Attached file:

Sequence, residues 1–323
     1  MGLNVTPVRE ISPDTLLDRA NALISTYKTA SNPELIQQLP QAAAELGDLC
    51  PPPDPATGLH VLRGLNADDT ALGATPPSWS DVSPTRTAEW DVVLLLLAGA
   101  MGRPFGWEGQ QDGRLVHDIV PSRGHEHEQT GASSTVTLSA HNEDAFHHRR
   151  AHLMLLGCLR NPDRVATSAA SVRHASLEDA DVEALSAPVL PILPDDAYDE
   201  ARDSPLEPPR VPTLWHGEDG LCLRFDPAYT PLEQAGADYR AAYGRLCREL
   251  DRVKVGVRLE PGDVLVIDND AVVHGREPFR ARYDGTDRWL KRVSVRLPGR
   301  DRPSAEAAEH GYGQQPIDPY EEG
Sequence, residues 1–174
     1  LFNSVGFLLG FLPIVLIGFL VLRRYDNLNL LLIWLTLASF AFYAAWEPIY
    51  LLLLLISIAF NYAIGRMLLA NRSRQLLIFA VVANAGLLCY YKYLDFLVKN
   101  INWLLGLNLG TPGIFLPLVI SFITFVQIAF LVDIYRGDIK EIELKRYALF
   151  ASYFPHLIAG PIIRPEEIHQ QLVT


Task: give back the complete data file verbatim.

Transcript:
Sequence, residues 1–323
     1  MGLNVTPVRE ISPDTLLDRA NALISTYKTA SNPELIQQLP QAAAELGDLC
    51  PPPDPATGLH VLRGLNADDT ALGATPPSWS DVSPTRTAEW DVVLLLLAGA
   101  MGRPFGWEGQ QDGRLVHDIV PSRGHEHEQT GASSTVTLSA HNEDAFHHRR
   151  AHLMLLGCLR NPDRVATSAA SVRHASLEDA DVEALSAPVL PILPDDAYDE
   201  ARDSPLEPPR VPTLWHGEDG LCLRFDPAYT PLEQAGADYR AAYGRLCREL
   251  DRVKVGVRLE PGDVLVIDND AVVHGREPFR ARYDGTDRWL KRVSVRLPGR
   301  DRPSAEAAEH GYGQQPIDPY EEG
Sequence, residues 1–174
     1  LFNSVGFLLG FLPIVLIGFL VLRRYDNLNL LLIWLTLASF AFYAAWEPIY
    51  LLLLLISIAF NYAIGRMLLA NRSRQLLIFA VVANAGLLCY YKYLDFLVKN
   101  INWLLGLNLG TPGIFLPLVI SFITFVQIAF LVDIYRGDIK EIELKRYALF
   151  ASYFPHLIAG PIIRPEEIHQ QLVT